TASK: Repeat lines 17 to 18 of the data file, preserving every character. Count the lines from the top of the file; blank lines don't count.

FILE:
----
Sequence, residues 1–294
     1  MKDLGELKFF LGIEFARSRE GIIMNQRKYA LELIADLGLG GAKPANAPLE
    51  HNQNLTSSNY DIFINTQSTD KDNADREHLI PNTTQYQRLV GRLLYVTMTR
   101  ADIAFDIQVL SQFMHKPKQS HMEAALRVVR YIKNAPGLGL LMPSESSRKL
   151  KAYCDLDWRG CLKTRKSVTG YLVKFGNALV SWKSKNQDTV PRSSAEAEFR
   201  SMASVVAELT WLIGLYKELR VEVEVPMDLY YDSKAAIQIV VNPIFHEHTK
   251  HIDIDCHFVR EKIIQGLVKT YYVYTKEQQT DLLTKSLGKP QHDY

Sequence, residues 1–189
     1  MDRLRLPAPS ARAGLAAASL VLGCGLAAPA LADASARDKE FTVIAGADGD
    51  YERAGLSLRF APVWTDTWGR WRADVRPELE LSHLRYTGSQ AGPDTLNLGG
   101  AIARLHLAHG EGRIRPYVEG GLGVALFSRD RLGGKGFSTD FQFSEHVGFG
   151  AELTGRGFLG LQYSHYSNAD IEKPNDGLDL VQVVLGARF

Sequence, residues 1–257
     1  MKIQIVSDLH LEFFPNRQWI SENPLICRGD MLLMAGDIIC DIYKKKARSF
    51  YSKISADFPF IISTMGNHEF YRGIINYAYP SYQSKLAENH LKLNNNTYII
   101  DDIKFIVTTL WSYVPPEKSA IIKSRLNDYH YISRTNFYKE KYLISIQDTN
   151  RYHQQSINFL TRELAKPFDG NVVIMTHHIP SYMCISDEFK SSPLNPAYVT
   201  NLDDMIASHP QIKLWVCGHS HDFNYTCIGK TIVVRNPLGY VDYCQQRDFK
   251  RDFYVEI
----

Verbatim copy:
   151  RYHQQSINFL TRELAKPFDG NVVIMTHHIP SYMCISDEFK SSPLNPAYVT
   201  NLDDMIASHP QIKLWVCGHS HDFNYTCIGK TIVVRNPLGY VDYCQQRDFK